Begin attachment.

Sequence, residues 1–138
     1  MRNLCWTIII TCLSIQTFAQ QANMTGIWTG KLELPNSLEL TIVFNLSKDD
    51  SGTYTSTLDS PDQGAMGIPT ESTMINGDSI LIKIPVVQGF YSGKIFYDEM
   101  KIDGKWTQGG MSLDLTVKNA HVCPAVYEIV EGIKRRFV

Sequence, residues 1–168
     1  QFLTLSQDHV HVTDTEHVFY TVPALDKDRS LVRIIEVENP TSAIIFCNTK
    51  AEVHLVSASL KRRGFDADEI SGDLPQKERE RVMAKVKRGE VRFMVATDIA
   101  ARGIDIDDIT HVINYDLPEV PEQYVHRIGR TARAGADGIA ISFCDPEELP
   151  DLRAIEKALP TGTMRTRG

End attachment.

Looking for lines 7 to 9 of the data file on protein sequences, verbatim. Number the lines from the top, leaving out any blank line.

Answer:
    51  AEVHLVSASL KRRGFDADEI SGDLPQKERE RVMAKVKRGE VRFMVATDIA
   101  ARGIDIDDIT HVINYDLPEV PEQYVHRIGR TARAGADGIA ISFCDPEELP
   151  DLRAIEKALP TGTMRTRG